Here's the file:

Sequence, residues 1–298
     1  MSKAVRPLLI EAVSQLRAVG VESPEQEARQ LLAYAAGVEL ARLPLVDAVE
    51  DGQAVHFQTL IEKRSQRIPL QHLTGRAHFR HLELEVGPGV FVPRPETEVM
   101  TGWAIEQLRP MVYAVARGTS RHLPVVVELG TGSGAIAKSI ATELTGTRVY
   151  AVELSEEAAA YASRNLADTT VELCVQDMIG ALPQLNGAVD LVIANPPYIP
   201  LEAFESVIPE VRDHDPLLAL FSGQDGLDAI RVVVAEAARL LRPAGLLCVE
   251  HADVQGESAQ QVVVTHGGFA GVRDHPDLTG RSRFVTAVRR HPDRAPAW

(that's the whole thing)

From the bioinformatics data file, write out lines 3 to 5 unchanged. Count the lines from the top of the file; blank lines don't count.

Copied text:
    51  DGQAVHFQTL IEKRSQRIPL QHLTGRAHFR HLELEVGPGV FVPRPETEVM
   101  TGWAIEQLRP MVYAVARGTS RHLPVVVELG TGSGAIAKSI ATELTGTRVY
   151  AVELSEEAAA YASRNLADTT VELCVQDMIG ALPQLNGAVD LVIANPPYIP